The Queensland government is set to ban anti-LGBTQ ‘conversion therapy’ this week.
The so-called treatments, which may be run by religious or secular organisations, range from counselling to physical interventions to forced marriage intended to make a person heterosexual or cisgender.
Survivors of gay conversion have slammed the practices as useless and dangerous, as have international health and human rights experts.
The Queensland legislation, set to be passed this week, will criminalise health practitioners offering such therapies to change someone’s orientation or trans status, Brisbane Times has reported.
Health Minister Steven Miles said in November when introducing the bill that conversion practices had always been unethical but would now be outlawed.
“To young people out there who might hear this, who are still figuring out who they are, there is nothing wrong with you,” Miles said.
“If one day you fall in love with someone the same gender as you, there is nothing wrong with you.
“You can’t be fixed because you are not broken, and anyone who tells you otherwise is wrong – your government supports you.”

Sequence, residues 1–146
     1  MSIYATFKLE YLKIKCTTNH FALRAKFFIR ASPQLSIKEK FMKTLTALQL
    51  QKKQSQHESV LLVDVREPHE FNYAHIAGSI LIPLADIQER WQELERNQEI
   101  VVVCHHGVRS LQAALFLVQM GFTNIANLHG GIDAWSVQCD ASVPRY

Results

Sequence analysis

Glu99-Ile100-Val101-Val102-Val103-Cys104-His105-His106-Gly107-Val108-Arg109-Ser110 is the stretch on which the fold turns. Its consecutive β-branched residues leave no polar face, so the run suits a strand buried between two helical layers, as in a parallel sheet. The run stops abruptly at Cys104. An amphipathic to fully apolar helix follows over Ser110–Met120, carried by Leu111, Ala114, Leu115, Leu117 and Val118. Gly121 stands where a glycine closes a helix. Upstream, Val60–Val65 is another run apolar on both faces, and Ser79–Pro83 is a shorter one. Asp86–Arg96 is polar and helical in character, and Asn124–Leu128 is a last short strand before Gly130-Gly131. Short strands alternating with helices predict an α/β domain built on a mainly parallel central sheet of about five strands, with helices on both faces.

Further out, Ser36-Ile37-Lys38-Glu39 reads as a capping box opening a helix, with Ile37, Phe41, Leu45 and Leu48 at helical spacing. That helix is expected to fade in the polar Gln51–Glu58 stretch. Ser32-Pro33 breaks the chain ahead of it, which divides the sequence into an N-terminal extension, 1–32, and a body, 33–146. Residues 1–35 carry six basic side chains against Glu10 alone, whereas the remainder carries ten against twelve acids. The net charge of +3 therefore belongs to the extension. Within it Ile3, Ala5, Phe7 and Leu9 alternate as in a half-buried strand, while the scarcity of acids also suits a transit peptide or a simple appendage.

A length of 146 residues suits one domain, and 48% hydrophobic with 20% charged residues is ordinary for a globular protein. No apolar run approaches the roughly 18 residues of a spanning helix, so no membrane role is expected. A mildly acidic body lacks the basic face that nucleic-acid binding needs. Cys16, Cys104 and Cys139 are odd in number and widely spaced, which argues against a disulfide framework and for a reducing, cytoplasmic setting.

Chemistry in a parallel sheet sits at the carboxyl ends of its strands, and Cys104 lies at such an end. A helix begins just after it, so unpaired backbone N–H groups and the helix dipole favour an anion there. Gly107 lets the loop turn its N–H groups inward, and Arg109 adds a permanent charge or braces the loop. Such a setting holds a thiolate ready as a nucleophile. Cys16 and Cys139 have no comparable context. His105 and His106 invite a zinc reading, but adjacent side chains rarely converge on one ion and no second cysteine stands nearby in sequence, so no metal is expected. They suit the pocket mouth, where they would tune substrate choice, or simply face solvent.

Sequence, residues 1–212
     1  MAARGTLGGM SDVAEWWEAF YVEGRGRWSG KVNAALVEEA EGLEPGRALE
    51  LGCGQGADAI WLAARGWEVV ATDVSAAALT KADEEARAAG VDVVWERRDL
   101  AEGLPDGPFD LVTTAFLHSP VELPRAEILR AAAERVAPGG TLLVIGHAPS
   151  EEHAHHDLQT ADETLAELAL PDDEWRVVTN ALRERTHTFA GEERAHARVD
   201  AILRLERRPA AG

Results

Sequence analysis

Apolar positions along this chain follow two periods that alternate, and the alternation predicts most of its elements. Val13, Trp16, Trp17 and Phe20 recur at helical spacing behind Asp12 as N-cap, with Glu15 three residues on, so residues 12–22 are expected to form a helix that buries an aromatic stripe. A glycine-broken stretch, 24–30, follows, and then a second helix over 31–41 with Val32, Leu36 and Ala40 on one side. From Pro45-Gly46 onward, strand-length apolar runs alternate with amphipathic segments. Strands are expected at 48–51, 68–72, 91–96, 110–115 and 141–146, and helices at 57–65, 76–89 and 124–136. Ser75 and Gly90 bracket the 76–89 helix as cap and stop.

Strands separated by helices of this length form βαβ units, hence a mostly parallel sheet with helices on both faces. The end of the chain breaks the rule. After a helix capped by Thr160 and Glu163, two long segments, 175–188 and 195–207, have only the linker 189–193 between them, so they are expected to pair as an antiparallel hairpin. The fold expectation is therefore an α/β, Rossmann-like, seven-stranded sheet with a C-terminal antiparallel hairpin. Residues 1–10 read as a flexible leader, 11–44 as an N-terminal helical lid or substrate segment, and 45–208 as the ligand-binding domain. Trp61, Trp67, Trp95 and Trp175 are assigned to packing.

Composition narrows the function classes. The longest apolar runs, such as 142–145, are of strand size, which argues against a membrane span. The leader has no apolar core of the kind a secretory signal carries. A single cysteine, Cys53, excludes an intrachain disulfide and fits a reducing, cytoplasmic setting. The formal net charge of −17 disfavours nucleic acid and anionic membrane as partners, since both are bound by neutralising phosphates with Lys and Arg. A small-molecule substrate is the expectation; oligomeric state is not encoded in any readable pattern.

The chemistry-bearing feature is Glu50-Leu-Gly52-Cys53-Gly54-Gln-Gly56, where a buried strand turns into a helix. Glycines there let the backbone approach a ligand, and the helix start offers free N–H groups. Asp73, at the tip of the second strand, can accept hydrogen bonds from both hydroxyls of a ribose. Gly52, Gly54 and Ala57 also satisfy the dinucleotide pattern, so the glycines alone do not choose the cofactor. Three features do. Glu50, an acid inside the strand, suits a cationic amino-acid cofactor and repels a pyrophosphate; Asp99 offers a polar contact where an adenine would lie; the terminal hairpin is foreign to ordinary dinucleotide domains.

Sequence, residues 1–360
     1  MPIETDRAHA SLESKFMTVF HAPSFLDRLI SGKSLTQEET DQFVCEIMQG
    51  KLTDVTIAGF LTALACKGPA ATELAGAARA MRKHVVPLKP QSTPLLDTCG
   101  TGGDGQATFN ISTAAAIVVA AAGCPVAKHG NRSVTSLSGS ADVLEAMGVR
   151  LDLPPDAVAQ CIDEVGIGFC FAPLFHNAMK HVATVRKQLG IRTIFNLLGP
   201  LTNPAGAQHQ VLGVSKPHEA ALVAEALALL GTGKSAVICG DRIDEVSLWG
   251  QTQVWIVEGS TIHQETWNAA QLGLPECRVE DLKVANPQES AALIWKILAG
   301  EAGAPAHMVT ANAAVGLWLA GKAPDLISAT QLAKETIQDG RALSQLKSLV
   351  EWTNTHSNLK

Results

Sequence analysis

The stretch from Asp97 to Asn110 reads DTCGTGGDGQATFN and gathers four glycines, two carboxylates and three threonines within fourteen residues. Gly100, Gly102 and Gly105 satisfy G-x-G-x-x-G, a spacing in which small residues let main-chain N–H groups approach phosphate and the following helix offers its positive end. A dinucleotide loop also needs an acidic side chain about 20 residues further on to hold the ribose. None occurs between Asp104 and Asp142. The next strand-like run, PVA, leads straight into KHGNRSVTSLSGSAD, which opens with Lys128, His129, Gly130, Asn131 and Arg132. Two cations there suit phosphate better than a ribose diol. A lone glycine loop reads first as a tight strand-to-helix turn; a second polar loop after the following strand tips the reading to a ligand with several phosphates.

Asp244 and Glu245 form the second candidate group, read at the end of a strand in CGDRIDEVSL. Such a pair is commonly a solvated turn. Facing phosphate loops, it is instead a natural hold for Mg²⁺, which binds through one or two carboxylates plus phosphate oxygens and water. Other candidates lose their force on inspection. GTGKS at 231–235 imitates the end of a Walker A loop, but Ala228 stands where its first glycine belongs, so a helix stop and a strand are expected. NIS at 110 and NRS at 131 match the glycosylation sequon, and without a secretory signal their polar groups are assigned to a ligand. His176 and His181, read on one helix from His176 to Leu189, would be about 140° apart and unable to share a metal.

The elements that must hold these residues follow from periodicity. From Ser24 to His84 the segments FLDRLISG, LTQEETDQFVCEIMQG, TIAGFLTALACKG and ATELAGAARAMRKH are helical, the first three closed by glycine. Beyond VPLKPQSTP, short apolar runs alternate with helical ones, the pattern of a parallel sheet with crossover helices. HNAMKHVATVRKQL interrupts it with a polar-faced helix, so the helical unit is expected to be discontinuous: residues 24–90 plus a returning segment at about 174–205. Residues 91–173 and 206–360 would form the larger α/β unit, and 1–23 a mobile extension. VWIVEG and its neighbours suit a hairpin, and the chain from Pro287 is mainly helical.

The Queensland government has introduced other progressive LGBTQ legislation in recent years.
In 2016, the age of consent was standardised to 16 years, after previously being 18 years for anal sex.
In 2017, the ‘gay panic defence’ was scrapped, bringing Queensland into line with other states.
People who commit murder can no longer have their charges reduced based on homosexual ‘advances’ by the victim.
Advocates have welcomed each move to progress LGBTQ rights in the state.
Queensland remains one of the few Australian states requiring trans people to undergo sterilising genital surgery before correcting their birth certificates.
Other states, most recently Tasmania and Victoria, have enacted laws allowing trans people to change the sex on their birth certificates without any requirement for surgery and to almost any description they wish.￼